Study highlights need for improved care of diabetes patients in UK general practice
NB. Please note that if you are outside North America, the embargo for LANCET press material is 0001 hours UK Time 30 July 2004.
Results of a UK study in this week's issue of THE LANCET highlight how people with diabetes controlled by diet alone have significant rates of complications and are less likely than patients on medication to be adequately monitored. Authors of the study conclude that there is great scope for the improved care of diabetic patients within UK general practice.
A proportion of people with late-onset (type 2) diabetes use diet to achieve glycaemic control. Although up to 3% of the UK population has diabetes, there is little research from primary care about the degree of complications experienced and the quality of care received for people with diabetes controlled by diet compared with people receiving medication for diabetes.
Julia Hippisley-Cox and Mike Pringle (University of Nottingham, UK) did a cross-sectional study of 7870 patients with type 2 diabetes from a population of over a quarter of a million patients from 42 UK general practices. They report how just under a third (31%) of all patients with type 2 diabetes are being managed by diet only, although the proportion of such patients varied substantially across the practices studied (15–75%).
People with type 2 diabetes managed by diet only received less monitoring for blood pressure, cholesterol, and other risk factors associated with diabetes. Compared with diabetic patients receiving medication, patients on diet management were more likely to have raised blood pressure and less likely to be on medication to reduce hypetension; they were 45% more likely to have raised cholesterol and less likely to be prescribed lipid-lowering medication. Although fewer of those treated by diet (68%) had diabetes-related complications compared with those on medication (80%), the rate was much higher than for the general population.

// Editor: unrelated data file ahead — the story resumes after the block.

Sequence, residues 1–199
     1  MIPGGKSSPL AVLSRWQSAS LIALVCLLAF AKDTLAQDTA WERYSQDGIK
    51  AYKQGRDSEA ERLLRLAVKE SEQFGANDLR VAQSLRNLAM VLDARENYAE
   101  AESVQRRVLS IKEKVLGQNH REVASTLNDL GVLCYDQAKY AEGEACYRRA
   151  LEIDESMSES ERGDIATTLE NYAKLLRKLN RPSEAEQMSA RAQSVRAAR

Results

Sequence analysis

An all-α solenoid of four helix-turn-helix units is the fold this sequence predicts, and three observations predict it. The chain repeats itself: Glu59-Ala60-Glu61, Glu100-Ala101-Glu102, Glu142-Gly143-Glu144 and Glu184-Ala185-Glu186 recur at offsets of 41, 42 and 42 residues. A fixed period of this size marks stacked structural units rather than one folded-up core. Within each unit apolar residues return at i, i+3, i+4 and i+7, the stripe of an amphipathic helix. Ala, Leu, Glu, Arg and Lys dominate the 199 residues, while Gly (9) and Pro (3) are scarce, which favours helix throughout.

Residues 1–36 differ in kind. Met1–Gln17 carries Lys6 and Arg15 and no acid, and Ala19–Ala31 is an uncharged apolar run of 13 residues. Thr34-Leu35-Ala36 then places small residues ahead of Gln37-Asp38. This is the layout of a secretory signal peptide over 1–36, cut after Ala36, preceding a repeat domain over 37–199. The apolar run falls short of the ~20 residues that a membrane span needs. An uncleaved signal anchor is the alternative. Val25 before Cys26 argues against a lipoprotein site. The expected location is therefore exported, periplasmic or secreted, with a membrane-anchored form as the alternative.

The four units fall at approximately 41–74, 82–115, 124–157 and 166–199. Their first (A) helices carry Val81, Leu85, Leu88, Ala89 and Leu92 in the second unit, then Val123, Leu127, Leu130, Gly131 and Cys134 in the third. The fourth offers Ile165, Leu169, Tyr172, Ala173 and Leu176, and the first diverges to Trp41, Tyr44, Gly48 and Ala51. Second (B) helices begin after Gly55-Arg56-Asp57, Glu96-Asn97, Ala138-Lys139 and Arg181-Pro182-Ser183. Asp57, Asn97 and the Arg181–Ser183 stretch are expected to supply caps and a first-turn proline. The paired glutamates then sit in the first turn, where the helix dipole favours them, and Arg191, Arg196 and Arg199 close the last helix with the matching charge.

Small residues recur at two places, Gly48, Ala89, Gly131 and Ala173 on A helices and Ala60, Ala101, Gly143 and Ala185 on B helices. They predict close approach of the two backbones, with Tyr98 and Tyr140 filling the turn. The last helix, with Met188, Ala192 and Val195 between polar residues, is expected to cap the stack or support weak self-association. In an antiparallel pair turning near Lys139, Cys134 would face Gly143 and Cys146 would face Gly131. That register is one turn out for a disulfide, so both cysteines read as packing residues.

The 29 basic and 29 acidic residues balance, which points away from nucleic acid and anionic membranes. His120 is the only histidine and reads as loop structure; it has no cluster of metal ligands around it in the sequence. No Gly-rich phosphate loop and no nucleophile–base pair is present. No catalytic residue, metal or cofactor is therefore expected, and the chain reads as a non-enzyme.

Dr Hippisley-Cox comments: "Our findings suggest that the management strategy of using diet only in type 2 diabetes is still very common and varies substantially between practices. This suggests inconsistency between clinicians in the decision to introduce hypoglycaemic medication. This result is consistent with other evidence showing variations between practices in clinical areas, and is especially important since more patients are cared for solely in general practice than are cared for solely in hospital. Patients with diabetes on diet only are receiving less intensive review of their condition, and fewer referrals to, for example, dieticians; they also have a high rate of complications. Although some individuals with type 2 diabetes might be effectively managed by diet only, there is a case for better routine surveillance; for more intensive therapy if glycaemic control, blood pressure, or cholesterol are not optimum, and if any diabetes-related complications occur; and for greater consistency of clinical practice concerning the decision to start medication. Almost 1% of the entire population have diabetes and are on diet only and therefore the study has substantial public health implications"
Source: Eurekalert & othersLast reviewed: By John M. Grohol, Psy.D. on 21 Feb 2009
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